1. There’s SETI, then there are people in Sedona, wearing crystals that send beacons of light to alien angels.

      1. Why can’t you understand that they’re doing it for YOU?

        1. They’re trying to contact the children of aliens, Sparky, so they can help OUR children.

          It’s ALL about the children. Didn’t you get the daily briefing from The Ministry of Truth?

          1. …and cows. Aliens love cows. Children and cows, that is what it is done for.

          2. I saw a documentary once about how the aliens are changing our children so they’ll be able to survive when the sun starts to expand.

            1. it wasnt expanding it was makeing a shift to UV and the alien music gave is reflective skin.

              1. Yes, of course. It’s been a while since I saw it so I couldn’t remember the exact change the sun was going through. In any case, THANKS ALIENS.

                1. Was that one of the new Twilight Zone episodes? Sounds familiar.

                    1. Oh, the new outer Limits. Okay.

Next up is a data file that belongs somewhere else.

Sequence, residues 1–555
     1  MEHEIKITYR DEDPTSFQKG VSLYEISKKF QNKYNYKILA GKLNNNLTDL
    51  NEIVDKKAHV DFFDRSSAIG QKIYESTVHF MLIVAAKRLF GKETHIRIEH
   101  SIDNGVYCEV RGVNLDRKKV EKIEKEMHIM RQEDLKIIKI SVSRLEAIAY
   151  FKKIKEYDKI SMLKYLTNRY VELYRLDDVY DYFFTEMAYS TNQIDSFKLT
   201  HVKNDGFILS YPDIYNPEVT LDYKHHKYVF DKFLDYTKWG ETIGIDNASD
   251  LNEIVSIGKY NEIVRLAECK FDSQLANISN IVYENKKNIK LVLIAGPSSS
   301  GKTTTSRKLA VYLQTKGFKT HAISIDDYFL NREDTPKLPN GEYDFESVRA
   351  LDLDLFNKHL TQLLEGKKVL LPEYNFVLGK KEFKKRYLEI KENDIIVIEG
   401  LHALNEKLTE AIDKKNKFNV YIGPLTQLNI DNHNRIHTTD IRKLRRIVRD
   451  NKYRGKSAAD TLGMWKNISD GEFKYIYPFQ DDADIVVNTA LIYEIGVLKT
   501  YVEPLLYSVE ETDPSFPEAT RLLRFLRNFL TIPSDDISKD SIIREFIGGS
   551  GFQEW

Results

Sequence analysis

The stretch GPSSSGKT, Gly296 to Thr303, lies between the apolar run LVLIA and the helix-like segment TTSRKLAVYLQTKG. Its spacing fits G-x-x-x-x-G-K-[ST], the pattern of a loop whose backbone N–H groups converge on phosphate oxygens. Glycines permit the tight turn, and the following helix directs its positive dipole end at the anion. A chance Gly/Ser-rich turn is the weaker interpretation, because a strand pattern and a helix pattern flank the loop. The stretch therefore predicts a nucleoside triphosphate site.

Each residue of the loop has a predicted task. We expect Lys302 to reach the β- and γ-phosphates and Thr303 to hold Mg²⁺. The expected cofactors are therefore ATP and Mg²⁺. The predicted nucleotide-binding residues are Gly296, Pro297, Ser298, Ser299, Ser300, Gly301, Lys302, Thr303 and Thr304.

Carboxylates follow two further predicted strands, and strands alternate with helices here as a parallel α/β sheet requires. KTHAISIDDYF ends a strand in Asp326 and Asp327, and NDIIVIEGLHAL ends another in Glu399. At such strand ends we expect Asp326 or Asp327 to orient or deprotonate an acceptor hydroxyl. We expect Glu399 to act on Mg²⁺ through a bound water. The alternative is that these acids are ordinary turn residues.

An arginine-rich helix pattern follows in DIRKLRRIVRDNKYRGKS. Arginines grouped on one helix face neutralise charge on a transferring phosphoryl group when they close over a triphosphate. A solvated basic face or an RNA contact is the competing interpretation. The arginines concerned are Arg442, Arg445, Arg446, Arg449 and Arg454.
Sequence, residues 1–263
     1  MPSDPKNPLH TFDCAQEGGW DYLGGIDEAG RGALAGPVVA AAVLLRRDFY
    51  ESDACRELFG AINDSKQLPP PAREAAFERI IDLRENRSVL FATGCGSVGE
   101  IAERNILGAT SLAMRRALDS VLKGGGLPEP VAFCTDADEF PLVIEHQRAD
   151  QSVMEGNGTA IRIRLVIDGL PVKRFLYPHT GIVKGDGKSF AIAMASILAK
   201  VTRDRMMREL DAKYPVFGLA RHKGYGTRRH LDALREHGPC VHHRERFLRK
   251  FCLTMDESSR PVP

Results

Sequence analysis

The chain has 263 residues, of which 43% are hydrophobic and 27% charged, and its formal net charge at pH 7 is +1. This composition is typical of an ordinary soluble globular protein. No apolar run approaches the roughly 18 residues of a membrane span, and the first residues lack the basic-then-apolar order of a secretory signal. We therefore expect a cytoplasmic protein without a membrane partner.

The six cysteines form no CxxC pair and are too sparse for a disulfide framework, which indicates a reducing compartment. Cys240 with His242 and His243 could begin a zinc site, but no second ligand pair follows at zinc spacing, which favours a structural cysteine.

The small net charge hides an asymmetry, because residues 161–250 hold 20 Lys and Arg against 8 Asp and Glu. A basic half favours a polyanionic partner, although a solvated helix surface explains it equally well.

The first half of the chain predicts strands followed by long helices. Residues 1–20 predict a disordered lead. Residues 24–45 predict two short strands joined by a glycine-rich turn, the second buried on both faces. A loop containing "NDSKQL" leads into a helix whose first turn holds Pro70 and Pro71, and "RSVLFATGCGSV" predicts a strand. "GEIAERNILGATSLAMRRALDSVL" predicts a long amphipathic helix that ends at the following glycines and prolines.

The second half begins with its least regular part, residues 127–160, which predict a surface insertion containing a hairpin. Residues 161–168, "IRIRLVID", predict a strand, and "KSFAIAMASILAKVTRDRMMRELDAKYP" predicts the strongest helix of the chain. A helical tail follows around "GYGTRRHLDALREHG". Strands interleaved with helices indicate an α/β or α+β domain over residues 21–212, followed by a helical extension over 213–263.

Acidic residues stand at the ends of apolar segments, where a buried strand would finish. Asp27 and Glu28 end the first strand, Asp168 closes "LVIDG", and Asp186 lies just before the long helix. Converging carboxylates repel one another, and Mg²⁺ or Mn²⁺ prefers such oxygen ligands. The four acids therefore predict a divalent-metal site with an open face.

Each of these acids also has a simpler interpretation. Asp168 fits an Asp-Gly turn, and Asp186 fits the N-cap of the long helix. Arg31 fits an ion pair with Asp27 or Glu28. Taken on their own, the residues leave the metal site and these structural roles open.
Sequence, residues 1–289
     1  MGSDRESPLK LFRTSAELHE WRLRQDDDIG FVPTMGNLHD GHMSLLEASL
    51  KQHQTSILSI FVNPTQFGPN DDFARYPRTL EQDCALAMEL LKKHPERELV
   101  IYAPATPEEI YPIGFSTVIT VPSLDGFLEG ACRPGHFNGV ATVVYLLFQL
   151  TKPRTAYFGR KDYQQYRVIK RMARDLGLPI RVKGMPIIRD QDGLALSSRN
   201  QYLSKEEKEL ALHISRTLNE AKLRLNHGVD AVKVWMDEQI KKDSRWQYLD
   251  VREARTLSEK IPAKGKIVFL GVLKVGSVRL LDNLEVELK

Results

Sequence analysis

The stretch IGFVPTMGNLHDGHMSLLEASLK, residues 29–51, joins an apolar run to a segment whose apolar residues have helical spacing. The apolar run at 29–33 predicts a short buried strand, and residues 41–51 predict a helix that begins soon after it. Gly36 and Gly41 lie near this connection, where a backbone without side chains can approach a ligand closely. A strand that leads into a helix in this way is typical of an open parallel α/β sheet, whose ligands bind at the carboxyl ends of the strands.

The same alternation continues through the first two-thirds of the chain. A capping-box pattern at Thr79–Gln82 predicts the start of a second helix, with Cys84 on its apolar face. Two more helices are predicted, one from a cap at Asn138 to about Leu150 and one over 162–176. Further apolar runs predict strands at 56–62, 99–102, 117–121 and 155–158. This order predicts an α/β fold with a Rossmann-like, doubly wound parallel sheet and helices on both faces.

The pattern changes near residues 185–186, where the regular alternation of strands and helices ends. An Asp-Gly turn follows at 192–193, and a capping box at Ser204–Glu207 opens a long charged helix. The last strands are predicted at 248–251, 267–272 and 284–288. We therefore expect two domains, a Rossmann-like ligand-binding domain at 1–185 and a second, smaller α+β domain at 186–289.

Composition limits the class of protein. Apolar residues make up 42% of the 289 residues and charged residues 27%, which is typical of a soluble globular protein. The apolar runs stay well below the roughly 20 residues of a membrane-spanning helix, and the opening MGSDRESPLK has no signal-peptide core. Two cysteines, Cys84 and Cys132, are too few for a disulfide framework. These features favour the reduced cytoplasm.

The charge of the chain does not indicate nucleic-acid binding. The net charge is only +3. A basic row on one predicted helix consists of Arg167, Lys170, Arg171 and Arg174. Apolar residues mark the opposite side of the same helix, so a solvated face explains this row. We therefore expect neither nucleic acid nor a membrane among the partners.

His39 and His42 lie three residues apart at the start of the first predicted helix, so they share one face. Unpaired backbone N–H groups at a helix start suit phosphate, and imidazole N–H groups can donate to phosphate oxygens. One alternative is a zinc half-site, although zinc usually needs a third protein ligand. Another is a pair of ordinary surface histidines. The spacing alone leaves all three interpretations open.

2. Usually with a capital “O.”

    2. I miss Art Bell

      1. Did the government finally silence him?

        1. Nah, he’s been called to the mother ship.

  6. “”ST. PAUL, Minn. (AP) ? Former Minn. Gov. Jesse Ventura is so upset by a judge’s ruling on his airport security lawsuit that he says he’ll apply for dual citizenship so he can spend more time in his beloved Mexico.””

    http://www.usatoday.com/news/n…..51073828/1

  7. …it’s still been disheartening to watch him descend from a libertarian-leaning populism into the conspiracy-driven ideology he inhabits today.

    Conspiracies are the engine of history. There is no “conspiracy-driven ideology”, just a willingness to examine all the facts.

  8. honestly, how likely do u think it is that the Body actually wrote an entire book, much less the 70+-5 that have been “authored” by him in the past 15 years or so? how many books do u think Body has read since high school? why don’t u pick on someone your own literacy-level. also, this is classic Reason: “Remember the sane, reasonable, boa-wearing, liberace-attired libertarian-sympathizing Ventura of yore? Well, Reason readers, he has lost his credibility as an intellectual.”

  9. There was a time when H&R seemed anti-statist. Now it might as well be instapundit.
    Does Epi have a blog?